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Philip Knox (University of Cambridge), Writing Sexual Politics in Late Medieval England and France: Some Literary Afterlives of Aristotle's Politics

What place did sexuality have in medieval conceptions of the political, and how should we think about these today? 

In this talk I want to think through some possible answers to these questions by exploring how some medieval accounts of sexual desire and its regulation think about sex as something that belongs specifically to the sphere of politics. Looking at some responses to Aristotle’s Politics and other aspects of late medieval learned culture, I’ll think about how a range of transgressive sexual behaviours are collapsed together by medieval thinkers and imagined as potentially disruptive not just to the natural but also to the social and political order.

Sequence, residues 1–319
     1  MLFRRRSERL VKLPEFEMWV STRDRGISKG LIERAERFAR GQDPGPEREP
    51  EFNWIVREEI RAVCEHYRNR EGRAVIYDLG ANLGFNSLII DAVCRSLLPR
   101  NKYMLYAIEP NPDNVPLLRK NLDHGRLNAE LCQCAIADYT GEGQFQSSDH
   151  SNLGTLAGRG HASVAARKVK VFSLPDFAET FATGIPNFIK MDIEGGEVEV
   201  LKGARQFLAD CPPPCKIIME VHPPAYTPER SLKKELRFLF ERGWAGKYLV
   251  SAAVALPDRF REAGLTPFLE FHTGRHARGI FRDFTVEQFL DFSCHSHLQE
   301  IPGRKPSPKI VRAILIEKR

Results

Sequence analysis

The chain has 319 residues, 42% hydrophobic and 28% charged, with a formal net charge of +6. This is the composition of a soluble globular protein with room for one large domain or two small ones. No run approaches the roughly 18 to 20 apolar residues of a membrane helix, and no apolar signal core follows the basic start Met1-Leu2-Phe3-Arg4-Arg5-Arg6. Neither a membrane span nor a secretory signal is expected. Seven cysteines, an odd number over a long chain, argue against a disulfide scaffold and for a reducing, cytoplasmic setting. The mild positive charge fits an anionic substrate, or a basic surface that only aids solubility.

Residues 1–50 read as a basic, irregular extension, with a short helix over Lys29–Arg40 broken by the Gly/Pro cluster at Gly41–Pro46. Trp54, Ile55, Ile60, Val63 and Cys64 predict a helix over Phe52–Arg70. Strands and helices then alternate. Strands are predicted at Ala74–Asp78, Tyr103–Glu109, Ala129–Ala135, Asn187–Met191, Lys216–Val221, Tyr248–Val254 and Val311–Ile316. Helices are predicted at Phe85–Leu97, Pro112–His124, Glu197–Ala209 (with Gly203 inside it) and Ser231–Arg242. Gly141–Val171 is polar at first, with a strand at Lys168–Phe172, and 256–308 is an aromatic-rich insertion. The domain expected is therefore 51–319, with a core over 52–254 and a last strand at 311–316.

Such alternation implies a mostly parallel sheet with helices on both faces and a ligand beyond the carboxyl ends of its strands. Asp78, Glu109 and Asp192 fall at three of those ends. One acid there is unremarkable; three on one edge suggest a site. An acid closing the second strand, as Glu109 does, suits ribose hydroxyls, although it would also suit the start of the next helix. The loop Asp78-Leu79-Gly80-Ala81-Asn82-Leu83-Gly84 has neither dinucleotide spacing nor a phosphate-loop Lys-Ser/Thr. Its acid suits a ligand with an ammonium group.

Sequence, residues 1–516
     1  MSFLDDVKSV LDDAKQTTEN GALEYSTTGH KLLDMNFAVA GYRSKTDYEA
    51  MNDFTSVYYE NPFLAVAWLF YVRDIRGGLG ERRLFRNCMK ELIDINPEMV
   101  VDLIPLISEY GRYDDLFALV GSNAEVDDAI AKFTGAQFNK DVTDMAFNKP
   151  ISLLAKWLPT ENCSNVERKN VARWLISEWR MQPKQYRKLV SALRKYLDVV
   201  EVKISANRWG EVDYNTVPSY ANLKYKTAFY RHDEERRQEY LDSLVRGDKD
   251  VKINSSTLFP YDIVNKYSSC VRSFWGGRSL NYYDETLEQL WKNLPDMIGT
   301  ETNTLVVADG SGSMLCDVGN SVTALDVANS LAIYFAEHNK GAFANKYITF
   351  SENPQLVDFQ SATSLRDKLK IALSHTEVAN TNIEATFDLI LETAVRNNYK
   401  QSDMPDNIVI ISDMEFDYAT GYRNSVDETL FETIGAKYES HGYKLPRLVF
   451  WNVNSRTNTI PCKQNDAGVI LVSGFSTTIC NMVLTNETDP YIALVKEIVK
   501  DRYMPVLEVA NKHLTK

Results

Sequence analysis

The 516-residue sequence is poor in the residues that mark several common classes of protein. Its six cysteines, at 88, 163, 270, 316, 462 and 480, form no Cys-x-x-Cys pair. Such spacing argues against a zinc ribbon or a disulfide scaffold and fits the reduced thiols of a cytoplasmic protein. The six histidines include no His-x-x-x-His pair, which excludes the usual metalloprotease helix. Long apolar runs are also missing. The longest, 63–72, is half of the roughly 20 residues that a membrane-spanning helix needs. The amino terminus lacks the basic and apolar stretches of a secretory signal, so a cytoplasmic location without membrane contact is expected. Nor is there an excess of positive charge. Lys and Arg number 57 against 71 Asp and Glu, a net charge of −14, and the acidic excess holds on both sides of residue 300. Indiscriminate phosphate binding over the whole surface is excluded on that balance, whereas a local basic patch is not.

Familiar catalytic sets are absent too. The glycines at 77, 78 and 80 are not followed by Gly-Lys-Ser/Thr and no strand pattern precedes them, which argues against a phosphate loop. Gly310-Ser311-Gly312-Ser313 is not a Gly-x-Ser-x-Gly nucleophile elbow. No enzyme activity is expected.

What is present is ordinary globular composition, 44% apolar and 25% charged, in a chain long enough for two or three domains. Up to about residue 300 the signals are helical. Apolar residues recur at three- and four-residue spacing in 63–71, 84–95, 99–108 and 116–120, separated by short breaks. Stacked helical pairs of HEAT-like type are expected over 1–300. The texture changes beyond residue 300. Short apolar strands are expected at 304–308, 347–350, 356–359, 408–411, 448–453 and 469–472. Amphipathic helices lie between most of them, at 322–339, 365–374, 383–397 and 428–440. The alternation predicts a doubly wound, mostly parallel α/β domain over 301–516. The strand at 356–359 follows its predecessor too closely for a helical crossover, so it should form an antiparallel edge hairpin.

Turning to a late medieval literary tradition that runs from the Romance of the Rose to Chaucer and Christine de Pizan via the anonymous Gilote e Johane, I’ll try to think again about these familiar texts by considering not just how they depict sexual (im)propriety, but also how they deploy traditional ideas about nature and sexuality in order to imagine different forms of social and political organisation. Throughout, I’ll reflect on what it might mean to look at these texts from our contemporary moment, and how medieval and modern categories might intersect in surprising ways.
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